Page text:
How e.l.f. Became a Social Media Giant

Few brands have had as singular a focus on social media as e.l.f., a cosmetics line that does zero in the way of traditional advertising yet has strong working relationships with about 500 bloggers. As the CMO for e.l.f. (the acronym stands for Eyes Lips Face), Ted Rubin is known for his active use of Twitter (where he has 20,000 followers) and his responsiveness. Rubin, a former protege of Seth Godin, says he responds to every tweet he gets. The social media outreach, along with distribution at Target, a recession-friendly price of $1 per item and a positive review in O: The Oprah Magazine two years ago have helped e.l.f. build a strong brand on the cheap. Brandweek spoke with Rubin about his thoughts on traditional advertising, social media and why larger brands like Coca-Cola can benefit from e.l.f’.’s strategy. Excerpts from the interview appear below:

Brandweek: Your philosophy is not to spend any money on traditional media, right?
Ted Rubin:
It’s more than a philosophy, it’s part of our business model and part of what allows us to sell products at the prices we do. So it’s not just a philosophy and the reason I point that out is I work with a lot of bloggers and as bloggers are getting more sophisticated and are earning money from certain brands, they come to me for sponsorships and things and I can legitimately tell them that I can’t do it. It’s not that we don’t want to do it or we don’t want to spend the money there, it’s just not the way we operate.

BW: We’ve seen companies like Google and Starbucks that never advertised suddenly advertise. Do you see that happening at e.l.f.?
It’s hard to say. I believe at some point it will have to change, but I believe that the founders—and take this in the most positive light—are very spoiled. They got success from day one and they’re very used to things working right away. So they’re not used to putting in money to make things work, but if you want to grow and expand past a certain point there are chances that you have to take and that could mean trying out traditional ads.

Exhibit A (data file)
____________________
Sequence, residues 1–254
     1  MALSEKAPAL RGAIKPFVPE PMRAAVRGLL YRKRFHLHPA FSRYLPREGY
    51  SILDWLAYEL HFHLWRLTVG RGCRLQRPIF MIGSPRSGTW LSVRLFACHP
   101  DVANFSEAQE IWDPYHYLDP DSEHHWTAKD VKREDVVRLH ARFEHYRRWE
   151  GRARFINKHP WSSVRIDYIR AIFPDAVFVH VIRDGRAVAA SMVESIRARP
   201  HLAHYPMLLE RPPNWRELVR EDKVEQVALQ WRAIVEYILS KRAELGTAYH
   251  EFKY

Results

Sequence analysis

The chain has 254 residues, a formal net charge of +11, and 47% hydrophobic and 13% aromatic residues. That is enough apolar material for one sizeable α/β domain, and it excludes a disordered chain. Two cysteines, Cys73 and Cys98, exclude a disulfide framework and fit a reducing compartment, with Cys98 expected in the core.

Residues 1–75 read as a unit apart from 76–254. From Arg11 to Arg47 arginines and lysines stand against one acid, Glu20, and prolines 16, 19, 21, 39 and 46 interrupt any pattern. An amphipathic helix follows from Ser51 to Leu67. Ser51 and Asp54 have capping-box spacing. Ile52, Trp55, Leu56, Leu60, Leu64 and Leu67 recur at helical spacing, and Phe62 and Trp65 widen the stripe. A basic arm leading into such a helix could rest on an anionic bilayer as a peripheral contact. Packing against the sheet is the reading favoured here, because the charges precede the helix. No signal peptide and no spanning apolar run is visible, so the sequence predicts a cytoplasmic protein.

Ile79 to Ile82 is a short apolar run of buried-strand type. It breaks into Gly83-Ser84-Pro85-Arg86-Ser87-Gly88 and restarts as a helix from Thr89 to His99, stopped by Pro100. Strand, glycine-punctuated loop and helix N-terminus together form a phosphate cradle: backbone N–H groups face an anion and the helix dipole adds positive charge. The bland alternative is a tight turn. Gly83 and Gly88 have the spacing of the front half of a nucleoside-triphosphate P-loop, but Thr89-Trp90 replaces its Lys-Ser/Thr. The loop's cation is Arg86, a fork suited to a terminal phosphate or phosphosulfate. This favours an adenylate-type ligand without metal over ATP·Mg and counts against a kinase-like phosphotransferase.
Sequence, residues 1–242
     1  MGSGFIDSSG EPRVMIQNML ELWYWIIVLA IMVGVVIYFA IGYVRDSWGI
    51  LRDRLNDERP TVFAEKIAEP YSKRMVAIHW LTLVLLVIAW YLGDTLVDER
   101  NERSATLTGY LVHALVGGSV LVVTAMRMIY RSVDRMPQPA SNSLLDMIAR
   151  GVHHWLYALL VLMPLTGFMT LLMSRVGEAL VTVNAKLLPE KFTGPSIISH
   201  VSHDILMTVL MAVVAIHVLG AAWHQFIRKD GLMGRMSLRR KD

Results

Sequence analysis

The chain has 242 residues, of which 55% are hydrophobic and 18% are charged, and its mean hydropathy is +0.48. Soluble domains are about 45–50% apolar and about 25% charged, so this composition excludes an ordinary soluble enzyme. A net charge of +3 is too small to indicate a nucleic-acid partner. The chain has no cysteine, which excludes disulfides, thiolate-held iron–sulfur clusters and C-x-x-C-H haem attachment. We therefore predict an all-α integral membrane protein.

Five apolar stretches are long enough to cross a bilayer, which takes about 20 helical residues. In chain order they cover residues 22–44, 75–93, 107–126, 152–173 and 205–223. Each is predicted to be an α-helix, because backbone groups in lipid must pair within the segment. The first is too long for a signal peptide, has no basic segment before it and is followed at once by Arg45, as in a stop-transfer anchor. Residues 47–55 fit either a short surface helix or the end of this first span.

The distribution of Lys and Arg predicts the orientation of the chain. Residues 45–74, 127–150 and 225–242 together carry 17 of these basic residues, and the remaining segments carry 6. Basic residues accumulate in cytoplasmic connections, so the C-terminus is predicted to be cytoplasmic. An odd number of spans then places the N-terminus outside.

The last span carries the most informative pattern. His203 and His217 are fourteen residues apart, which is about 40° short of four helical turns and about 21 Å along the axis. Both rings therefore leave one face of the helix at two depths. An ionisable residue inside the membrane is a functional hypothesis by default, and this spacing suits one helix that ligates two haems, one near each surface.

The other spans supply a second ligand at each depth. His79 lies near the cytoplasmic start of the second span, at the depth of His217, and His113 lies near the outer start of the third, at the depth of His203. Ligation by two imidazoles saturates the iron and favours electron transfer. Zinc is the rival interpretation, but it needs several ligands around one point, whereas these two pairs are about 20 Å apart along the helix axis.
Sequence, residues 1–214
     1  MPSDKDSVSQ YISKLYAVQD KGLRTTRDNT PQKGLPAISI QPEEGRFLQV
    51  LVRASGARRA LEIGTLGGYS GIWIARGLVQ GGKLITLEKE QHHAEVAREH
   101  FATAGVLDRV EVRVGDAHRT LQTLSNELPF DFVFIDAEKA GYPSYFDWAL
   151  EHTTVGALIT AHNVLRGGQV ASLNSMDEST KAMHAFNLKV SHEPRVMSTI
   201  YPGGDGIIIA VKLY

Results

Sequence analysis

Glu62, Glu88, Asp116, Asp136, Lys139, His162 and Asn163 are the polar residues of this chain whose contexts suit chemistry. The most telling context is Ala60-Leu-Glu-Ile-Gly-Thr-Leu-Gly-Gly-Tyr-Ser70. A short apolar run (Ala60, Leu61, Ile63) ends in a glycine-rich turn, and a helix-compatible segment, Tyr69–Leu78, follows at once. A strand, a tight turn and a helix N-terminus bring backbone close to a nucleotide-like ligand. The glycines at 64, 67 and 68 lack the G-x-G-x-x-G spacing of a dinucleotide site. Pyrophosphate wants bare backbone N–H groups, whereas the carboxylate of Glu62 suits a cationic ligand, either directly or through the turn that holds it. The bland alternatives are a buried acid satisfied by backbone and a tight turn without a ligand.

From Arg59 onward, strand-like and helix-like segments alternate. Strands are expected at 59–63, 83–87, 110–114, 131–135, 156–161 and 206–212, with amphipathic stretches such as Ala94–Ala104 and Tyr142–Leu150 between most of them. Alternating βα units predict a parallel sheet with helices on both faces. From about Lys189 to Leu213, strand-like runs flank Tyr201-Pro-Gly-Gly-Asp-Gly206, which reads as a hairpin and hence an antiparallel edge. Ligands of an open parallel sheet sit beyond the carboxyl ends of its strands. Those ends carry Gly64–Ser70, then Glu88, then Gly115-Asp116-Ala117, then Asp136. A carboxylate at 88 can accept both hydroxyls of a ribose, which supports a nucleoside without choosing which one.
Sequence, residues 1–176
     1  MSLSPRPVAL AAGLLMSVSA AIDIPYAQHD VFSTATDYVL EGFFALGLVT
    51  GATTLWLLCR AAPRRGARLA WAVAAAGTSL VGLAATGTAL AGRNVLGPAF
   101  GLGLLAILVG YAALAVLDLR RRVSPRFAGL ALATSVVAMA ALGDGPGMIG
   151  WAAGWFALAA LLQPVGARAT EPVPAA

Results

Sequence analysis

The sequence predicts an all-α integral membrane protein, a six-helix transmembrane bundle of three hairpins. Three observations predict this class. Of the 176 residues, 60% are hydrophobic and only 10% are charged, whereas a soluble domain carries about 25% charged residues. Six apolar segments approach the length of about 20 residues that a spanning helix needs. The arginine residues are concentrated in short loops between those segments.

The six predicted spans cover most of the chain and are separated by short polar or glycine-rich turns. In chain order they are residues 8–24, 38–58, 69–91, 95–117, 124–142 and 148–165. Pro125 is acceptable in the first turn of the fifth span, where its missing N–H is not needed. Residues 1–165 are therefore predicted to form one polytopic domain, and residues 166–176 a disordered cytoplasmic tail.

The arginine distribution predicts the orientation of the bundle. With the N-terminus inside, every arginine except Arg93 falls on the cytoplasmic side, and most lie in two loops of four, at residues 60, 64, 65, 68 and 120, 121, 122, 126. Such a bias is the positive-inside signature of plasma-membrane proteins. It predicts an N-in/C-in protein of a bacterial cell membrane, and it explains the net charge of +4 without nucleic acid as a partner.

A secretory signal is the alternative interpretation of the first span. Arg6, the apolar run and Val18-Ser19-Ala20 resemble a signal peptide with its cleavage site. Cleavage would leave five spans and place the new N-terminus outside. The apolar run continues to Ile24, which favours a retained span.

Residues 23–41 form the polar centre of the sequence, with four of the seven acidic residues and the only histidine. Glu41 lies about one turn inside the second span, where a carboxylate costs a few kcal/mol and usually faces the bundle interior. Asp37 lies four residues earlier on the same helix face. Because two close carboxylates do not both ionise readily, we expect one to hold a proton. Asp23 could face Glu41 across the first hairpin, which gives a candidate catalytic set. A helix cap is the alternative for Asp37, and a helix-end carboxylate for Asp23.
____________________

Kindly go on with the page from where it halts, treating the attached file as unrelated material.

BW: Regarding social media, is most of your focus on Twitter or is it Facebook?
My philosophy is that Twitter and Facebook are what leads into other forms of social sharing. I consider Twitter a place to lay the groundwork where other people pick up things. I make a great use of Twitter and Facebook not only to reach out to the public, but to build relationships with stronger mediums, like the blogging community. We have 500 bloggers that I deal with regularly that are on my list regularly to contact about products, about changes, about updates and they’re not like an e-mail list that you’d get on if you sign up with e.l.f. With the bloggers, it’s a much more direct relationship. I focus on Twitter and Facebook because they’re scalable platforms, but I do that to build up what I feel are the real advocacy groups which are the bloggers and the people on YouTube.

BW: How much of this is CRM and how much is marketing?
Personally, I believe CRM and marketing go hand in hand and I believe it is a problem in a lot of corporations. I think customer service should come under that realm as well. In a company where customer service doesn’t come under the CMO or at the very least if there’s not somebody in charge of customer service who’s not working hand in hand with them is a big disconnect, because if you’re saying one thing in, especially in social media marketing and they’re experiencing something else, there’s going to be a problem.

Todd Wasserman is a freelance writer who was formerly the business editor of Mashable and the editor-in-chief of Adweek’s Brandweek.